A Christchurch mother fighting to save her daughter from suicide has made a desperate plea for help, claiming she has been failed by the Canterbury District Health Board (CDHB).
The mum approached 1 NEWS after her 20-year-old daughter was admitted to the mental health wing at Christchurch’s Hillmorton Hospital last week, following two suicide attempts in a five-day period.
She says the young woman was diagnosed as a “chronic high risk” but was discharged soon afterwards, with very limited follow-up support, leaving her worried for her daughter’s life. 1 NEWS has agreed to protect both of their identities.
“I feel like I've exhausted every avenue to get help for my daughter, I really do,” she says. “As her mum, no one wants to see their daughter die.
“To me, they should call her each day because, this was Thursday, and she got released, the case manager didn't make contact until Monday. That's three days with no crisis plan, over the weekend, no crisis plan, and no phone calls to check in on her.”
The mother says her daughter has been admitted to hospitals several times over self-harm, including one incident which involved an 11-day admission to intensive care in June.
But she says despite the high risk, the health board's been slow to help, leaving her to repeatedly call in asking for checks and other assistance.
The emergency department had twice refused to treat the young woman, the mum says, deeming her a non-imminent risk.
After one particularly worrying round of text messages, the mother says, she called the DHB to ask them to visit her home but was denied.
“I thought my daughter was dead, was gonna die, I rang crisis, who referred me to her case manager and I said, ‘This is a crisis, this is a crisis, if you don't think this is a crisis, who are you going to call?” she says.
Mental health campaigners like Corinda Taylor, of the Life Matters Suicide Prevention Trust, say it’s the same situation around the country.
“This is too common, and we need to have better support in place for people. Either you are not suicidal enough, according to services, or they go, 'There are no beds,'” she says.
“I hear this story quite often, and it is quite distressing to me personally to hear that, because I've had a personal tragedy with my own son that also asked for help with emergency services.”
Mental Health Foundation CEO Shaun Robinson says around 20,000 people attempt to take their life in New Zealand every year, but many are able to get through, with a much smaller number losing their lives.
“We need to do much better, and there is absolutely no doubt that the support that is available is really patchy,” he says.
“It depends on what time of the week, where in the country, how hard you push, what time of the day or night you might try to access services and that's just not good enough. But if you do keep supporting people, you do keep pushing for that professional support, there is support available.”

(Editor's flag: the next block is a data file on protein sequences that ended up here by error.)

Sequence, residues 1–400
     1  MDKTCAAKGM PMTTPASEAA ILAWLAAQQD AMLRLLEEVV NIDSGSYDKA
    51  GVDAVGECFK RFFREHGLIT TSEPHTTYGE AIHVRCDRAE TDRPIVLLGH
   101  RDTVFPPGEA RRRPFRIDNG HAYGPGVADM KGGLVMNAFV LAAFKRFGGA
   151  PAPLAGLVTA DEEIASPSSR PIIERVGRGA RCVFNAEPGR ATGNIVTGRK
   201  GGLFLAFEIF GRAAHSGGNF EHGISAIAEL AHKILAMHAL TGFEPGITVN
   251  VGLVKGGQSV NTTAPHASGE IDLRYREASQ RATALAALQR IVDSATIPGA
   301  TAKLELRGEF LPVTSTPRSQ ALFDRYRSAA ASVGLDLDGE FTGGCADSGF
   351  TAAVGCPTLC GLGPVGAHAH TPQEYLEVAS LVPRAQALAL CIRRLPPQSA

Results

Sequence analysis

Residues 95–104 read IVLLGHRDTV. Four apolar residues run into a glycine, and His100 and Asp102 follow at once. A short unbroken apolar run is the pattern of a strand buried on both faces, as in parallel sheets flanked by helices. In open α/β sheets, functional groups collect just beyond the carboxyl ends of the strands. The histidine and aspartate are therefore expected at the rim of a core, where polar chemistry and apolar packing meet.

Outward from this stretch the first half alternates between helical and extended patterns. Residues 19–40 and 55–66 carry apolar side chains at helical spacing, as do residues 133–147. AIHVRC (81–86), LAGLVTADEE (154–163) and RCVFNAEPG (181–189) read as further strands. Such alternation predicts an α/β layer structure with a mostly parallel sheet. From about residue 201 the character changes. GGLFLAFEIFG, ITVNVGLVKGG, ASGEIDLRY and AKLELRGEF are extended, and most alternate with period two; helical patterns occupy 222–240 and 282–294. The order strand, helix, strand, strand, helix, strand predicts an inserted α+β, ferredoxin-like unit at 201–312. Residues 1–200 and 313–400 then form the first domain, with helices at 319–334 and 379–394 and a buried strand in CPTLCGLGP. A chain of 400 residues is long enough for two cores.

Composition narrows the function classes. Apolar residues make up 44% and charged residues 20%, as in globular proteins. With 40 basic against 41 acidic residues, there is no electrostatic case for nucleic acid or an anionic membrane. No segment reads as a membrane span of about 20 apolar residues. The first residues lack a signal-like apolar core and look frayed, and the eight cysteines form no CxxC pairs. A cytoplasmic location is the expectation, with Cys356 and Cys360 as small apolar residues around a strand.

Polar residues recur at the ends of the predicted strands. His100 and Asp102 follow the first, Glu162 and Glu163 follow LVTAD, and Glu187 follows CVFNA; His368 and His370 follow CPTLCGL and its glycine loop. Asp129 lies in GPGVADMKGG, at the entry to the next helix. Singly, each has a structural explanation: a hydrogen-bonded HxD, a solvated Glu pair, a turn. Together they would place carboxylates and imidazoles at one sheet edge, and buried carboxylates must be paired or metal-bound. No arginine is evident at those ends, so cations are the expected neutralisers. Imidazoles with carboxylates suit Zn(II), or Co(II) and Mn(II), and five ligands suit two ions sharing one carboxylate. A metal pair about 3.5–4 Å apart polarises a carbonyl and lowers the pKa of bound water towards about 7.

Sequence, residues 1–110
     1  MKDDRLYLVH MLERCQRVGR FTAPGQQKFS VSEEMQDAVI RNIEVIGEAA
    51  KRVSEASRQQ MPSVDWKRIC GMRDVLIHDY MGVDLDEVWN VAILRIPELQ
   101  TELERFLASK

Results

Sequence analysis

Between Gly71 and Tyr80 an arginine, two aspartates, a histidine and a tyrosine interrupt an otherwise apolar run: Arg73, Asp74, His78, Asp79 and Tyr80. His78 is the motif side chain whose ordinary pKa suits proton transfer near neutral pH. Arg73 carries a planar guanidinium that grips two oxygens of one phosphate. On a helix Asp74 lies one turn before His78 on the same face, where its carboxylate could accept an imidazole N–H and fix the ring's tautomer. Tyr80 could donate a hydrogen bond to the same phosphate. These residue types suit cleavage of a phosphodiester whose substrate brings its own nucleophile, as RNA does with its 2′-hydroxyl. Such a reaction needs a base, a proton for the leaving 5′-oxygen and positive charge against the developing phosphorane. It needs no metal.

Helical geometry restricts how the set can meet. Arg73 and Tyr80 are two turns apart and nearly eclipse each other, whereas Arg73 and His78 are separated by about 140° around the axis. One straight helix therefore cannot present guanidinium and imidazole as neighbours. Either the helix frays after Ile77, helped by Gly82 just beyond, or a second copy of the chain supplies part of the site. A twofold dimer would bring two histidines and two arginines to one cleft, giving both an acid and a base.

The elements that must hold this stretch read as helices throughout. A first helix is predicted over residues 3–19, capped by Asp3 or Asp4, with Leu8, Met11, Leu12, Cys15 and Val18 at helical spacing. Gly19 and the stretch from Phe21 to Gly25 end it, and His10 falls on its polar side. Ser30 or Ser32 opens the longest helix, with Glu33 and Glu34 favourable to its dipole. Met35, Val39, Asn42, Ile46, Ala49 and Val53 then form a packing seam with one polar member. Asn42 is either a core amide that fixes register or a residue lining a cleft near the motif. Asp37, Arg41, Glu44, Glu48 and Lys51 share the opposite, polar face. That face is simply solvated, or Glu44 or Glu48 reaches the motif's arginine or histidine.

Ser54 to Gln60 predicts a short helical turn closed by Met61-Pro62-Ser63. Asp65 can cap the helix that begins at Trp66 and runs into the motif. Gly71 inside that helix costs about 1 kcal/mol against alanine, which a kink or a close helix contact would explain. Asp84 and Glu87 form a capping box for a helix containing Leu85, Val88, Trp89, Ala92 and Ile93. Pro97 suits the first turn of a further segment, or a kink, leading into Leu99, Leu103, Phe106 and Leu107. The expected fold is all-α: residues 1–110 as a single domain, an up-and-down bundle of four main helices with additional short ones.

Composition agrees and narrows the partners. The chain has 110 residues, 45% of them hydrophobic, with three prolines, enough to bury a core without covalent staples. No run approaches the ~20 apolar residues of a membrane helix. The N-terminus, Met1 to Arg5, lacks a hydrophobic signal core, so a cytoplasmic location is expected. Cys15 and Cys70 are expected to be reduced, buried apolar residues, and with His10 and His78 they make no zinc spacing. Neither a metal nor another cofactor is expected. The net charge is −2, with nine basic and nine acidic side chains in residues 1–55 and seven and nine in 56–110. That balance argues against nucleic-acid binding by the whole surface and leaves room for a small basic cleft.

The CDHB wouldn't comment on this individual case but in a statement said the type of care provided to individual consumers can vary greatly, depending on the diagnosed condition, and all treatment was “evidence based” and “in line with international best practice”.
Barbara Wilson, the acting general manager of mental health, went on to admit the DHB is facing very high demand.
“We acknowledge the unique pressures the Canterbury community and our staff have been under in recent years and these pressures are proving challenging to manage in the longer term,” she says.
“We continue to confront the mental health and wellbeing impacts of the past nine years on the people of Canterbury.”
She says the number of adult community cases seen by the DHB had increased by 69 per cent in the last nine years, while the number of child and youth cases had increased by 146 per cent. The number of mental health crisis assessments at the Christchurch Hospital Emergency Department had increased by 196 per cent over a seven-year period.
But pressure is also an everyday reality for this Christchurch mother, who says the DHB has neglected her daughter when she needed help most. She continues to ask for regular checks and follow-up support, beyond the sessions offered at their facility.
“I know it's all about funding, I know, but it shouldn't be. These are people's lives you're talking about - my daughter's life and a whole lot of other people's lives,” she says.
Desperate families are left asking – what price is a life?
Do you have a story to tell about mental health services in New Zealand? Contact 1 NEWS reporter Thomas Mead - Thomas.Mead@tvnz.co.nz